Photo 1. Shoot blight of mango, caused by Colletotrichum gloeosporioides. Some of the spots have joined together destroying large areas of the leaves, typical for a "blight" disease.
Photo 2. Dark spots, many enlarging and joining together, of mango anthracnose, Glomerella cingulata. The fungus infects the skins and later develops in storage. Orange-pink spore masses develop in the centres of these areas.
Photo 3. Mangoes for sale at a market showing dark spots of anthracnose, Colletotrichum gloeosporioides.
Photo 4. Scolecostigmina mangiferae leaf spots on underside of a mango leaf; they are small, dark, irregular spots.
Photo 5. Scolecostigmina leaf spots on the top side of a mango leaf, small, dark, irregular spots with light green margins. Compare with anthracnose.
Mango anthracnose, mango blossom blight
Glomerella cingulata (it also has the name of Colletotrichum gloeosporioides). Glomerella is the sexual stage of the fungus, and Colletotrichum the asexual stage. The disease is often referred to as "anthracnose" of mango. The word anthracnose means "coal", so fungi that produce dark spots are often given this name. Another fungus also causes leaf spots: Scolecostigmina mangiferae (see FactSheet no. 325).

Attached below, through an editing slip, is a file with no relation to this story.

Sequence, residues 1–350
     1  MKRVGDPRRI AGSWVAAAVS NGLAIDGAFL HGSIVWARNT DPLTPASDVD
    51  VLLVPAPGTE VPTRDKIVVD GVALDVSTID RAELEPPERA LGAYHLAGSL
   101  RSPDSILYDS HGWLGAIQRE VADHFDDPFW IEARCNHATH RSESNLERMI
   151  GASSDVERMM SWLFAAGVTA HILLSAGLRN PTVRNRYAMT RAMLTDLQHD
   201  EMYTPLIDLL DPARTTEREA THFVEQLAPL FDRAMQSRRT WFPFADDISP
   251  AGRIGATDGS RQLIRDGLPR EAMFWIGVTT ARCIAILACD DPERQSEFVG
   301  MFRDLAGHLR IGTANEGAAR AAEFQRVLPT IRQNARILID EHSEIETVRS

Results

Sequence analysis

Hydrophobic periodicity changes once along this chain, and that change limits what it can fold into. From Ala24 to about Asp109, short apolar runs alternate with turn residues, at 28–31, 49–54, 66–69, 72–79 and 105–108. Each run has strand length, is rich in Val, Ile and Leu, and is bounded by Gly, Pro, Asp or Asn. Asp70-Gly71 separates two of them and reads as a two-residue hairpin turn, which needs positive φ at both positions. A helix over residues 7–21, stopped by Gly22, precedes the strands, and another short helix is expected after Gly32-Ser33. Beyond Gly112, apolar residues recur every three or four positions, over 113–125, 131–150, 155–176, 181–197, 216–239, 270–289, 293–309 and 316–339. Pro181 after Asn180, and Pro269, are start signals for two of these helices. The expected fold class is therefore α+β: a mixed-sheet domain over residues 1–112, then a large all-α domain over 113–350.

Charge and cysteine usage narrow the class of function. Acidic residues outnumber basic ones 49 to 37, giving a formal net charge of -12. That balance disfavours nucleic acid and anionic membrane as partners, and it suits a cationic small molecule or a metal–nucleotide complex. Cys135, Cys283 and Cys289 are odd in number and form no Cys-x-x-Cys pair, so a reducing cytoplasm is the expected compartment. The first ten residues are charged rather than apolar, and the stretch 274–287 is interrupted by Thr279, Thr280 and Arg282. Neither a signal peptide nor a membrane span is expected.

AUTHORS Helen Tsatsia & Grahame Jackson
Photos 1-3,5 Kohler F, Pellegrin F, Jackson, G, McKenzie E (1997) Diseases of cultivated crops in Pacific island countries. South Pacific Commission. Pirie Printers Pty Limited, Canberra, Australia. Photo 4 McKenzie E (2013 Scolecostigmina mangiferae PaDIL - (http://www.padil.gov.au).
Produced with support from the Australian Centre for International Agricultural Research under project PC/2010/090: Strengthening integrated crop management research in the Pacific Islands in support of sustainable intensification of high-value crop production, implemented by the University of Queensland and the Secretariat of the Pacific Community.
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